Smoke Gray; upper facial stripe Fuscous Black; other facial stripes
    Fuscous Black slightly mixed with Tawny; anterior margin of ear
    Yellow Ocher or Ochraceous-Orange; hairs inside posterior part of
    pinna Yellow Ocher or Ochraceous-Orange; posterior margin of ear
    Smoke Gray; postauricular patch buffy white or Smoke Gray; dorsal
    dark stripes black or Fuscous Black more or less mixed with Tawny
    or Tawny-Olive; dorsal light stripes creamy white, sometimes washed
    with Pale Smoke Gray; sides Raw Sienna or Cinnamon Buff; rump and
    thighs Pale Smoke Gray mixed with Tawny-Olive; dorsal surface of
    tail black mixed with Clay Color; ventral surface of tail Clay
    Color, black along margin and Light Buff or Light Ochraceous Buff
    along outermost edge; antipalmar and antiplantar surfaces of feet
    Pinkish Buff; underparts creamy white sometimes with grayish
    underfur. _Skull_ and _Baculum_: Large but proportionally the same
    as in other subspecies of _E. minimus_.

    _Comparisons._--From _E. m. silvaticus_, the subspecies from the
    Black Hills, _E. m. confinis_ differs in: General tone of upper
    parts darker, more reddish and less grayish; ventral surface of
    tail more tawny; skull and baculum of same size and proportions.

    From _E. m. operarius_, the subspecies from the Laramie Range and
    other mountains of south-central Wyoming, _E. m. confinis_ differs
    in: Rump and thighs darker; sides darker; general tone of upper
    parts more grayish.

    For comparisons with _E. m. minimus_, _E. m. consobrinus_, and _E.
    m. pallidus_, see the accounts of those subspecies.

_Remarks._--This subspecies is endemic to the Bighorn Mountains.
Intergradation between _E. m. confinis_ and _E. m. minimus_ and between
_E. m. pallidus_ and _E. m. confinis_ have already been discussed in
the accounts of those subspecies.

    _Specimens examined._--Total number, 85.

    _Big Horn Co._: 12 mi. E and 2 mi. S Shell, 7,900 ft., 2; 13 mi. E
    and 2 mi. N Shell, 8,500 ft., 2; 13 mi. E Shell, 8,300 ft., 1; 17
    mi. E and 3 mi. S Shell, 9,000 ft., 8; 17-1/2 mi. E and 4-1/2 mi. S
    Shell, 8,500 ft, 11; 19 mi. E and 4-1/2 mi. S Shell, 9,600 ft., 1;
    9 mi. E and 9 mi. N Tensleep, 8,200 ft., 4.

    _Sheridan Co._: Medicine Wheel Ranch, 9,000 ft., 28 mi. E Lovell,
    11; 38 mi. E Lovell, Big Horn Nat. For., 9,600 ft., 10; 5-1/2 mi. W
    and 1-1/2 mi. S Junction U.S. Highway 14 and Wyoming [State
    Highway] 14, 8,480 ft., 2.

    _Washakie Co._: 9 mi. E and 4 mi. N Tensleep, 7,000 ft., 26; 3 mi.
    SE Tensleep, 4,300 ft., 1.

    _Johnson Co._: 5-1/2 mi. W and 1 mi. S Buffalo, 6,500 ft., 4; 7-1/2
    mi. W and 1 mi. S Buffalo, 6,500 ft., 2.

    _Additional records_ (Howell 1929:46): _Sheridan Co._: 20 mi. from
    Sheridan. _Washakie Co._: Head of Canyon Creek. _Johnson Co._: Head
    of North Fork of Powder River.


Eutamias minimus silvaticus White

    _Eutamias minimus silvaticus_ White, Univ. Kansas Publ. Mus. Nat.
    Hist. 5 (19):259-262, April 10, 1952.

    _Type._--Female, adult, skull and skin, No. 20050 (KU); from 3 mi.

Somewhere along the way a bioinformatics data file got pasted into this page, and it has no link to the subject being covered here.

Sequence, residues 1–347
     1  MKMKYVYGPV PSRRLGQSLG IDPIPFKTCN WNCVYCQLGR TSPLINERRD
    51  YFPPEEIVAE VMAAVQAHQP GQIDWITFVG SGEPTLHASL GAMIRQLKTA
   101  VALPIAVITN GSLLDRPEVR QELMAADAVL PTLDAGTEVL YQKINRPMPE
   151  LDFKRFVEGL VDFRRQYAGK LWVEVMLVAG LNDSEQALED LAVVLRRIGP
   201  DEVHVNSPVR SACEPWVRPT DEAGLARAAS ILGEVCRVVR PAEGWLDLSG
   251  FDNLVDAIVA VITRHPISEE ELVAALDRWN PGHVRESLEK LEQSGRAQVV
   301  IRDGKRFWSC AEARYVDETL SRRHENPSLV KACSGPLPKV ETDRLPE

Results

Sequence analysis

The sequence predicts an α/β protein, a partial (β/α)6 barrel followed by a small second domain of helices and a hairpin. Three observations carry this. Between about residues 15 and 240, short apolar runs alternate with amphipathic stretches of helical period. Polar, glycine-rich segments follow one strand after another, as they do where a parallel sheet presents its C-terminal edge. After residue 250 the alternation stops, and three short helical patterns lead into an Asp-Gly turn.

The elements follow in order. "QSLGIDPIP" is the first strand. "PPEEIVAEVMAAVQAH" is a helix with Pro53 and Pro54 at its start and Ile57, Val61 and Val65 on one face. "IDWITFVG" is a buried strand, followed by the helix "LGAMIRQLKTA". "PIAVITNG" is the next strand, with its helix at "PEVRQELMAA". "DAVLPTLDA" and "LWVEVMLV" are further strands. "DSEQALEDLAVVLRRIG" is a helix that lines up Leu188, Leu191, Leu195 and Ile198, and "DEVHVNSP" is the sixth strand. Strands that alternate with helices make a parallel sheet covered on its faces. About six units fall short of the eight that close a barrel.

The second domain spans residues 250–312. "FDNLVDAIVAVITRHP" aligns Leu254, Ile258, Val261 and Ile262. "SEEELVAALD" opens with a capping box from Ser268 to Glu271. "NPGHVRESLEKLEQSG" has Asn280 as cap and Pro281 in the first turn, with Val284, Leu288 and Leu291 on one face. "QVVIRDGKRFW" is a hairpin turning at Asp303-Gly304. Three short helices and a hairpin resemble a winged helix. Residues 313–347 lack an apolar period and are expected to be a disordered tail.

NW Sundance, 5,900 ft., Crook County, Wyoming; obtained on July 4,
    1947, by H. W. Setzer; original No. 1692.

    _Diagnosis._--Size large; over-all tone of upper parts brownish
    gray; sides Ochraceous Buff; baculum as in _E. m. pallidus_.

    _Description._--_Color pattern_: Crown Sayal Brown washed with
    Cinnamon Buff; facial stripes Fuscous Black mixed with Clay Color;
    anterior margin of ear Ochraceous-Orange; hairs inside posterior
    part of pinna Ochraceous Buff; posterior margin of ear and
    postauricular patch grayish white; dorsal dark stripes Fuscous
    Black more or less mixed with Ochraceous Buff; medial dorsal light
    stripes Pale Smoke Gray with Ochraceous Buff along margins; lateral
    dorsal light stripes grayish white or white with Ochraceous Buff
    along margins; sides Ochraceous Buff; rump and thighs Smoke Gray
    washed with Ochraceous Buff; dorsal surface of tail black
    interspersed with Ochraceous Buff; ventral surface of tail
    Ochraceous-Orange, with black along margin and Light Ochraceous
    Buff along outermost edge; antipalmar and antiplantar surfaces of
    feet Light Buff; underparts creamy white sometimes washed with
    Ochraceous Buff. _Skull_ and _Baculum_: Large but of same
    proportions as in other subspecies of _E. minimus_.

    _Comparisons._--From _E. m. operarius_, the subspecies from
    south-central Wyoming, _E. m. silvaticus_ differs in: Underside of
    tail lighter; general tone of upper parts grayer; sides lighter;
    skull and baculum of same size and proportions.

    For comparisons with _E. m. pallidus_ and _E. m. confinis_, see the
    accounts of those subspecies.

_Remarks._--Intergradation between _E. m. silvaticus_ and _E. m.
pallidus_ has already been discussed under the account of _E. m.
pallidus_.

    _Specimens examined._--Total number, 42.

    _Crook Co._: 15 mi. N Sundance, Black Hills Nat. Forest, 5,500 ft.,
    6; 15 mi. ENE Sundance, 3,825 ft., 1; 3 mi. NW Sundance, 5,900 ft.,
    14; 1 mi. N Sundance, Black Hills Nat. Forest, 1.

    _Weston Co._: 1-1/2 mi. E Buckhorn, 6,150 ft., 19; SE Newcastle, 1
    (MM).

    _Additional records_ (Howell 1929:57): _Crook Co._: Devils Tower;
    Sundance.


Eutamias minimus operarius Merriam

    _Eutamias amoenus operarius_ Merriam, Proc. Biol. Soc. Washington,
    18:164, June 29, 1905.

    _Eutamias minimus operarius_, Howell, Jour. Mamm. 3:183, August 4,
    1922.